Breastfeeding has become more popular in France in recent years and MPs have voted to reinforce the right to feed in public after several incidents of aggression or exclusion towards mothers.
Reports included a mother at Disneyland Paris being told by security guards she could only breastfeed in changing rooms. Disneyland later apologised.
In other cases, a woman was slapped by another woman on a tram in Bordeaux, a breastfeeding mother was ordered out of a shop in the seaside resort Biscarrosse, and in Amiens, a mother in a government building waiting room was told to get out.
A spokeswoman for an association promoting breastfeeding said such publicity can have a negative side.
Claude Didierjean-Jouveau, of La Lèche League, does not think such incidents are more common – just more publicised.
“You wouldn’t have heard about it 10-15 years ago but now each time it happens there’s buzz on the internet. It has a positive side, as it gets people talking about breastfeeding and the fact that women have the right to do it wherever they like.
“I am all for organisations being held to account when incidents come up, but I do worry that future mothers might be put off because they fear they will face problems like this.”
From 46% of newborn babies being breastfed in the 1990s, France is now around 70% and has been since 2010, she said.
LREM MP Fiona Lazar has now introduced a law to make it an offence to interfere with or harass a mother breastfeeding in public. Presenting it, she said: “It is unacceptable in this Republic that some sort of twisted morality, which turns sometimes to intimidation and violence, should affect young breastfeeding mothers.”
She wants a law to spell out “in black and white” that breastfeeding in public is a right.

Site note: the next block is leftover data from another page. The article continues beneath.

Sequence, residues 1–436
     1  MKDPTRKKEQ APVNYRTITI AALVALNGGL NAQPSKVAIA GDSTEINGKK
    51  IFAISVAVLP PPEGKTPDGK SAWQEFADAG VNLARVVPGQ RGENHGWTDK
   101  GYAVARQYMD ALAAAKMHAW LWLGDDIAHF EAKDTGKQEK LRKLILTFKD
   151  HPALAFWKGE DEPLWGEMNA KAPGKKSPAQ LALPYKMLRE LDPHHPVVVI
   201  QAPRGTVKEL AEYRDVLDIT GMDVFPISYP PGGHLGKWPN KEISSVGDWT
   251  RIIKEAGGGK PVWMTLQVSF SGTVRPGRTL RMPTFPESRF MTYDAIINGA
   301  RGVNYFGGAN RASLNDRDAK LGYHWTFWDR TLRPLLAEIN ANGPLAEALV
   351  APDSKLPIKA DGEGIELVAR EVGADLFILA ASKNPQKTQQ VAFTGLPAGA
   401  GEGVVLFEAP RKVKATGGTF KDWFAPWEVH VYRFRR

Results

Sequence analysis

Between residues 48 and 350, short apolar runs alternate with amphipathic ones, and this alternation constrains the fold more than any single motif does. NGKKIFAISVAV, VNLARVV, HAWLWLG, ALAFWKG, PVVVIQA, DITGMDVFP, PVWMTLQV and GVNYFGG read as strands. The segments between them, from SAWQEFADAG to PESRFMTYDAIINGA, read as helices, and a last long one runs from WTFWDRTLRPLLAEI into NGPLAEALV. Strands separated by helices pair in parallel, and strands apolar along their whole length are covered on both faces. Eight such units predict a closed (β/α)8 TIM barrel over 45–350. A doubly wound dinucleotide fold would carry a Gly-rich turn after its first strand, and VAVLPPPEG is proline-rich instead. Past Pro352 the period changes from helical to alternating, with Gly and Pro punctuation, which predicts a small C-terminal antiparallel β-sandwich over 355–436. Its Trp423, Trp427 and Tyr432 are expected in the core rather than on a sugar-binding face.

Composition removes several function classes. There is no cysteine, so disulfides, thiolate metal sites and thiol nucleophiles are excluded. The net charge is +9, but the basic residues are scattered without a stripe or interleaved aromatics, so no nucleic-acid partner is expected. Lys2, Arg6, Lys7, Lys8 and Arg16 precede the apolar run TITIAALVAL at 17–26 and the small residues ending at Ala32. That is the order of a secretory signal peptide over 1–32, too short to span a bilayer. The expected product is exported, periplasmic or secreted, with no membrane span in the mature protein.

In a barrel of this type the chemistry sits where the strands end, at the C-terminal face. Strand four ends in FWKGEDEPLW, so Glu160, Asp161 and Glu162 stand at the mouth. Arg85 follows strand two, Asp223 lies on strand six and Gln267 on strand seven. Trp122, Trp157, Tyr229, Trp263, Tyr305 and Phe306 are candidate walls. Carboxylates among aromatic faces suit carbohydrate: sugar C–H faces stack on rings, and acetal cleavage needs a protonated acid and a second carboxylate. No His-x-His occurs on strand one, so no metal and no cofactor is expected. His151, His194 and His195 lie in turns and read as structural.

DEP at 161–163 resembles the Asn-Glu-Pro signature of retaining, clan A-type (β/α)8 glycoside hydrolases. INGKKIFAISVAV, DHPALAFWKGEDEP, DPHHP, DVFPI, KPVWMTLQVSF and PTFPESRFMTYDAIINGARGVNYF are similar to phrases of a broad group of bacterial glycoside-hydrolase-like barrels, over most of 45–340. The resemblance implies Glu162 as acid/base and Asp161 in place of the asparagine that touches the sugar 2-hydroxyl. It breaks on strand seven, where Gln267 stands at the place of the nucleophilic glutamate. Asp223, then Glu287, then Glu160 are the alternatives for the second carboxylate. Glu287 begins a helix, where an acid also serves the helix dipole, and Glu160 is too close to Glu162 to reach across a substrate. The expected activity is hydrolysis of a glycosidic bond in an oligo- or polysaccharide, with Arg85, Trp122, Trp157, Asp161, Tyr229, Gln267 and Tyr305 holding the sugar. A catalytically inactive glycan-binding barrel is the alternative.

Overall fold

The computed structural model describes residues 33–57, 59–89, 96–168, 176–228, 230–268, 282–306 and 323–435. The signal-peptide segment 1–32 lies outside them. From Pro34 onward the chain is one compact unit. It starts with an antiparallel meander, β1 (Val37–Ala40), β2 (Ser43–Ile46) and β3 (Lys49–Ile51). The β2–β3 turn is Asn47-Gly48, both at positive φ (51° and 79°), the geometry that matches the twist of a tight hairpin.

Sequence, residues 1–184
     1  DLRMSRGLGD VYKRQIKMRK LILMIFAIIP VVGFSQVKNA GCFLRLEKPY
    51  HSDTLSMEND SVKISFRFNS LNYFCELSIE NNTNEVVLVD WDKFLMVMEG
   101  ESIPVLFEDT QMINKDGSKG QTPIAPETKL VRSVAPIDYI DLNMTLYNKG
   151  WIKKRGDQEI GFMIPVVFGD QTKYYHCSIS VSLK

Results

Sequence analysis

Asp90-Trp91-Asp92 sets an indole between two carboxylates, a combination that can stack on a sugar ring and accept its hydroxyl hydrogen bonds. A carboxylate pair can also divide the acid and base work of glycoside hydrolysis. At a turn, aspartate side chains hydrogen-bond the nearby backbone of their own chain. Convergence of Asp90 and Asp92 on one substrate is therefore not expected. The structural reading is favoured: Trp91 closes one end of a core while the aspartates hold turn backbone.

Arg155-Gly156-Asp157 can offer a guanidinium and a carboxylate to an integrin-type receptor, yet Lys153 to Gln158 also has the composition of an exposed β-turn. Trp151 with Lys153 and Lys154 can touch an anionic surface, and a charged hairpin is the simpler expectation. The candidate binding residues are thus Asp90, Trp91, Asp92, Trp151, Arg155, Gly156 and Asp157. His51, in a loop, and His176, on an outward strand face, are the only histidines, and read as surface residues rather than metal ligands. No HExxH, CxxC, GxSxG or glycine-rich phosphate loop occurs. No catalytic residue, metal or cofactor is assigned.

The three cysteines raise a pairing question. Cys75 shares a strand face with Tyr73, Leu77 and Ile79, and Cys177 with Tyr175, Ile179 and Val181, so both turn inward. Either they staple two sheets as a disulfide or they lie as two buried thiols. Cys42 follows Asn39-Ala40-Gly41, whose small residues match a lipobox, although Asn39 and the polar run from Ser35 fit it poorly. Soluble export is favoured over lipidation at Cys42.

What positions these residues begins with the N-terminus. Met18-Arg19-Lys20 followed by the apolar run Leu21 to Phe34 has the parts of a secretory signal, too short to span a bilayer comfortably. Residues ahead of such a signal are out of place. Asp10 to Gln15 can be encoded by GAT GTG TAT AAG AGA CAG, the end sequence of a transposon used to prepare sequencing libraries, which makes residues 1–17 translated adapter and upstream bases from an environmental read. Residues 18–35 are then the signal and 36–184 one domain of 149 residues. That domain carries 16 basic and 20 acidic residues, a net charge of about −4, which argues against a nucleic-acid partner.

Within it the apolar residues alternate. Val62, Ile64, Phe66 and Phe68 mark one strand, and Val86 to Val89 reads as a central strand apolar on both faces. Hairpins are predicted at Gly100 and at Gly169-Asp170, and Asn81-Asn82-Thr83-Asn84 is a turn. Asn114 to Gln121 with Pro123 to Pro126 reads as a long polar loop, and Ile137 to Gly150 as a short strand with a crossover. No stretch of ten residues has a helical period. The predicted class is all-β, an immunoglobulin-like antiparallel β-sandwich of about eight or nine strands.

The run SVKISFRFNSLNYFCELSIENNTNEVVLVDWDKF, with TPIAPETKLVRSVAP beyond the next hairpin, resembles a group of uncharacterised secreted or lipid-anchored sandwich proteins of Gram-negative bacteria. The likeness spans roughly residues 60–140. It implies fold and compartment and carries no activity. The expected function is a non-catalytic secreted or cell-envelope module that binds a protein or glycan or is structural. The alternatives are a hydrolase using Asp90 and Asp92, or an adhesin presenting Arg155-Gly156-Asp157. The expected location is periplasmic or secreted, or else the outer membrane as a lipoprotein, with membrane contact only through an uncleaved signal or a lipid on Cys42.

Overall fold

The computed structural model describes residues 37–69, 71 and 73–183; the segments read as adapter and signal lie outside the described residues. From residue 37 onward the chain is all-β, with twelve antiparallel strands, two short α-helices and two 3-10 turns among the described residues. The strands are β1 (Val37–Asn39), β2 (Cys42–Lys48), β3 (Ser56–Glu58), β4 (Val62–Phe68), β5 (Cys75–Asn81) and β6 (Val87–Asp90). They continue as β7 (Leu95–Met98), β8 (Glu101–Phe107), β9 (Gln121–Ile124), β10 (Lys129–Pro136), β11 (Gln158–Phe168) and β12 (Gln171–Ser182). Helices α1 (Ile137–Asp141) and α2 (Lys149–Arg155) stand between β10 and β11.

The bill was passed by MPs but has yet to go to the Senate.
Ms Didierjean-Jouveau said “there have always been some incidents” but she has discussed the issue with “masses of women for a long time and it’s really very rare they say they have faced this kind of thing”.
She added: “They are much more likely to get comments from family, such as mothers-in- law, than from strangers.”
Unicef figures show breastfeeding to be more common in most other high-income countries, apart from Ireland, but Ms Didierjean-Jouveau does not think the French have a particular problem with it.
However, she said French child development specialists often discourage doing it “too long”, whereas she feels it should be up to the mother to decide.
The World Health Organization (WHO) recommends six months of exclusive breastfeeding and up to two years along with other food.
There are health and relationship benefits to both mother and child, Ms Didierjean-Jouveau said. In her view, those that make remarks often have psychological reasons for it.
“It’s never really a neutral subject for people. It brings up feelings linked to your own experience as a baby and about what you did or didn’t do for your own children. Parents or grandparents who didn’t breastfeed, or did it in a different way, or not for long, may feel it as a criticism.”